Startup seeks to make vacation rentals more hotel-like

A fast-growing Bay Area startup specializing in vacation rentals just landed a big round of venture capital backing. But it’s not Airbnb.

Emeryville’s RedAwning takes a different approach to home stays than the better-known San Francisco company. RedAwning focuses on helping property managers market their listings, process reservations and provide support such as a help center for their guests.

RedAwning works with Airbnb, as well as other big players like Expedia’s HomeAway/VRBO, Priceline’s Booking.com and TripAdvisor’s FlipKey. It inserts itself as another player between the guest and host (or property manager) to give vacation rentals the professional polish of a hotel stay.

“We help property managers generate more reservations with less work, and for guests add a layer of ease and simplicity,” said CEO Tim Choate, 52, a serial entrepreneur who founded RedAwning as a hobby in 2009 and funded it from his own pocket and company revenue until this year. “We are the largest supplier of properties for most of those websites. We work closely with them to try to present our ads in the best light, making our properties more successful.”

RedAwning exemplifies an increasing trend in vacation rentals away from the “live like a local,” personalized stays that Airbnb likes to tout and toward a more predictable lodging option with amenities and service similar to hotels.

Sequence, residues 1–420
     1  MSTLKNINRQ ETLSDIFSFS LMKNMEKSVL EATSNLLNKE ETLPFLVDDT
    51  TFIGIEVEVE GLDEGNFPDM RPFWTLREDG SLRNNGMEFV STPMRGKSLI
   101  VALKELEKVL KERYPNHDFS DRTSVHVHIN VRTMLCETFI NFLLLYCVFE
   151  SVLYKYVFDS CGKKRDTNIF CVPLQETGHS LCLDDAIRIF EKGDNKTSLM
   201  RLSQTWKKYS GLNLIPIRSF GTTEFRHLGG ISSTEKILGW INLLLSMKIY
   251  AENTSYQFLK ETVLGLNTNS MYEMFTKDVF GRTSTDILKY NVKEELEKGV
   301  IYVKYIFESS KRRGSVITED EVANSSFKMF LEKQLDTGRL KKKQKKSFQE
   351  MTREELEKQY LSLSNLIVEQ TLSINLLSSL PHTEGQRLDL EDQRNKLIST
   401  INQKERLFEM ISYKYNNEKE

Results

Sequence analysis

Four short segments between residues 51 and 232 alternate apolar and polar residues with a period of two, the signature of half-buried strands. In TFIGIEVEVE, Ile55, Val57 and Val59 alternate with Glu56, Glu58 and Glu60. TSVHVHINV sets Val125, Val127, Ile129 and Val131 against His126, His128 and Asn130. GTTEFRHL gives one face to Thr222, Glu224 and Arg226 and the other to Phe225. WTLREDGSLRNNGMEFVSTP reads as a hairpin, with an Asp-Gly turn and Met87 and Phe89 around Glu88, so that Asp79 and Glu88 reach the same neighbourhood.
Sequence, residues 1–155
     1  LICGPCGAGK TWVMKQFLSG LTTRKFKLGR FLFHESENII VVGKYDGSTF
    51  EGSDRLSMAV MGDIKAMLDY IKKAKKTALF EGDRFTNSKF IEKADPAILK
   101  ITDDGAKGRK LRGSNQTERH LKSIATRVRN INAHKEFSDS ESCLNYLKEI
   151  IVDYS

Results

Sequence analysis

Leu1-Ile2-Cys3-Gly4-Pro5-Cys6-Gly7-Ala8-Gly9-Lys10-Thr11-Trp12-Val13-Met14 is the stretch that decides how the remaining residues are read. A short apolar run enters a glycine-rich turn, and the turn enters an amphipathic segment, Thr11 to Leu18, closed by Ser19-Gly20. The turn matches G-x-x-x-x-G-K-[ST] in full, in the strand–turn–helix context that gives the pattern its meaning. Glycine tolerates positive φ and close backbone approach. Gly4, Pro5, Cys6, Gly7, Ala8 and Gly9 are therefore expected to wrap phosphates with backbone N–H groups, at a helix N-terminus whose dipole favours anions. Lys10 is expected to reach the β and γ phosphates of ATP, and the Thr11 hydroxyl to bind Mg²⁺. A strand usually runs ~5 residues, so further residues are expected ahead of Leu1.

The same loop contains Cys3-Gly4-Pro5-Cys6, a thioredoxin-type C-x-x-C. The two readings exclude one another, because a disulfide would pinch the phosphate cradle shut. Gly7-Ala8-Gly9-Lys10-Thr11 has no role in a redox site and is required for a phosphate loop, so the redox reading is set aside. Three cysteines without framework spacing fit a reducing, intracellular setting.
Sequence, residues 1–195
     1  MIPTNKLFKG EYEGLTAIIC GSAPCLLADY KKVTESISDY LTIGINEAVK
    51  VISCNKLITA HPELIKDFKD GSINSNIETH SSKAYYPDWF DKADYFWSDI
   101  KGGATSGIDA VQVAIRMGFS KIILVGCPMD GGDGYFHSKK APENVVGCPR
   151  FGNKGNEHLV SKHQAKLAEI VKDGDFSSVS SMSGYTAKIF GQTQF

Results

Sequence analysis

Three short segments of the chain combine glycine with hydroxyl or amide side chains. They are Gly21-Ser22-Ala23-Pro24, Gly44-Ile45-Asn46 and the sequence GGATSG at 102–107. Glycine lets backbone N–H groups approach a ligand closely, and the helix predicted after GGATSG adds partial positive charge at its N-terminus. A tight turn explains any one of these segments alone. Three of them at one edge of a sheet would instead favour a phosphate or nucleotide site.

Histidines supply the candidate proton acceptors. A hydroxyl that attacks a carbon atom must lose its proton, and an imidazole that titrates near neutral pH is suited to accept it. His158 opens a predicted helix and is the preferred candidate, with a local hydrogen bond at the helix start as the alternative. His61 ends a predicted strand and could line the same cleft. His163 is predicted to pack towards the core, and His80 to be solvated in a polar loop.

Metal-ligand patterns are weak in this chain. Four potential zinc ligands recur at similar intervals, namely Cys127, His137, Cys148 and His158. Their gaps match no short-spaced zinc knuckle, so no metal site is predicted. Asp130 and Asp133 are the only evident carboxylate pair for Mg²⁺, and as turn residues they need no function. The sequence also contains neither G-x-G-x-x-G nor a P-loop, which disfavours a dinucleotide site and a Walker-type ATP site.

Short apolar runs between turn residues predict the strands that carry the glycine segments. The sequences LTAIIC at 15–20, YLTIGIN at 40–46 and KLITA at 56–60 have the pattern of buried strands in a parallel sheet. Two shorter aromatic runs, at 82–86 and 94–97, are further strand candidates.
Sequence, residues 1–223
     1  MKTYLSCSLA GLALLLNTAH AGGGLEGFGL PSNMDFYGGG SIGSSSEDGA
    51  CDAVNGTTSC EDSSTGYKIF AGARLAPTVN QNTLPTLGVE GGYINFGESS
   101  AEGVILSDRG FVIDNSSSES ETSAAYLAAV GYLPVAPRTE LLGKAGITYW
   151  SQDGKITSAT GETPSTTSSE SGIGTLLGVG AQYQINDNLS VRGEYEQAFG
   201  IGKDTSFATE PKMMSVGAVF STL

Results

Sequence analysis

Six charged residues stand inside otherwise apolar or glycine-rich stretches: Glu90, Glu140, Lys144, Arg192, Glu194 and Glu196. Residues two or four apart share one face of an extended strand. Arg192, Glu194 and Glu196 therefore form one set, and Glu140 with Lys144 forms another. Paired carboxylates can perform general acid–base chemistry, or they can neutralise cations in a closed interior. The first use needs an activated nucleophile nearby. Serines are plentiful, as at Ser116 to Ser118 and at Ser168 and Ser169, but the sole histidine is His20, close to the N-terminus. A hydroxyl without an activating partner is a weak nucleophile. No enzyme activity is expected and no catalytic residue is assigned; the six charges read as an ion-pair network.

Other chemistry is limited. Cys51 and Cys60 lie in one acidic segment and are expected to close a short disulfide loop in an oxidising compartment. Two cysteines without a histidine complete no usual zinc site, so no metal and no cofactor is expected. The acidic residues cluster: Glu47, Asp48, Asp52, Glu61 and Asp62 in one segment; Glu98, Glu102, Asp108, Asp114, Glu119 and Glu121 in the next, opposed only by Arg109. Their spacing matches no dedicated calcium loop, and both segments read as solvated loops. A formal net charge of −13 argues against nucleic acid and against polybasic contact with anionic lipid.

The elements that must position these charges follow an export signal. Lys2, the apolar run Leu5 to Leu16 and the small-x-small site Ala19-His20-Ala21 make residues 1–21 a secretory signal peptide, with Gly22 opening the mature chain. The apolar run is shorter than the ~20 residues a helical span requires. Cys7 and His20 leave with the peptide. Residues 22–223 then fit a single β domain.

Airbnb itself, despite publicly emphasizing its listings’ authentic and unique nature, has also moved to increase its professionalism, giving hosts tips on everything from cleaning to guest relations, for instance. This year it outbid rivals for Luxury Retreats, a Canadian company that manages high-end rentals and offers a concierge service for guests. It also supports the idea of third parties taking charge of listings, albeit individuals rather than companies. “Last year we launched a co-hosting tool to offer hosts extra help managing their space when they are traveling or have other obligations,” it said in a statement.

Jason Clampet, co-founder and head of content for travel site Skift, said that Airbnb’s disruptive influence on the “stuck in its ways” vacation-rental industry helped fuel companies like RedAwning.

“Airbnb taught the vacation-rental industry that they can do things differently — invest more in technology, do more with instant payments,” he said. “People don’t want to have to send a Western Union check to Newport Beach and hope it works out. They want safe, online payments.”

RedAwning duplicates or replaces services provided by Airbnb, HomeAway and the like by handling payments and providing 24-hour customer support via a call center in Emeryville, and contractors in Indonesia who handle emails and online chat.

“People who actually know how to do customer service is important,” Clampet said, noting that the big vacation-rental sites are regularly dinged for inadequate response to guest issues.